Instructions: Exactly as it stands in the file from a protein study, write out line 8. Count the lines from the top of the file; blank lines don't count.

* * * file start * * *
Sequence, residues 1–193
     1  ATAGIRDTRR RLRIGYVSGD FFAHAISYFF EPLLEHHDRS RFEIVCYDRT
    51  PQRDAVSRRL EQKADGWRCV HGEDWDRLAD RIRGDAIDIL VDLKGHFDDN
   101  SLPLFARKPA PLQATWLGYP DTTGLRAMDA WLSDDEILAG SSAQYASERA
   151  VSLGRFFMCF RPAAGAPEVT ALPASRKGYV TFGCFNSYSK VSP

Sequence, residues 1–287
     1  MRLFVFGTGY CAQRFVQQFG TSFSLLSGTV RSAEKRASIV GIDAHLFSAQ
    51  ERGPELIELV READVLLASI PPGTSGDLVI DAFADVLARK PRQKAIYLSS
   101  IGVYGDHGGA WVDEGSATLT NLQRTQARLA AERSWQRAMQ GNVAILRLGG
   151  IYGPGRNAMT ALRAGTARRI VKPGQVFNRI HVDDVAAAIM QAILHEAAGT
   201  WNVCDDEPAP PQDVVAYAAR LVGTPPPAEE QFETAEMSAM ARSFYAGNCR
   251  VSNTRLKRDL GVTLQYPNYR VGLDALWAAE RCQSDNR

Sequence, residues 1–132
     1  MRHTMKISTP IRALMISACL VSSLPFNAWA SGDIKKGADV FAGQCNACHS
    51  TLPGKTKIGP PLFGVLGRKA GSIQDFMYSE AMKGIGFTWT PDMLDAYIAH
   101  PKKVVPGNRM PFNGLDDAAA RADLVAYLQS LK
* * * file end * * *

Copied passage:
    51  ERGPELIELV READVLLASI PPGTSGDLVI DAFADVLARK PRQKAIYLSS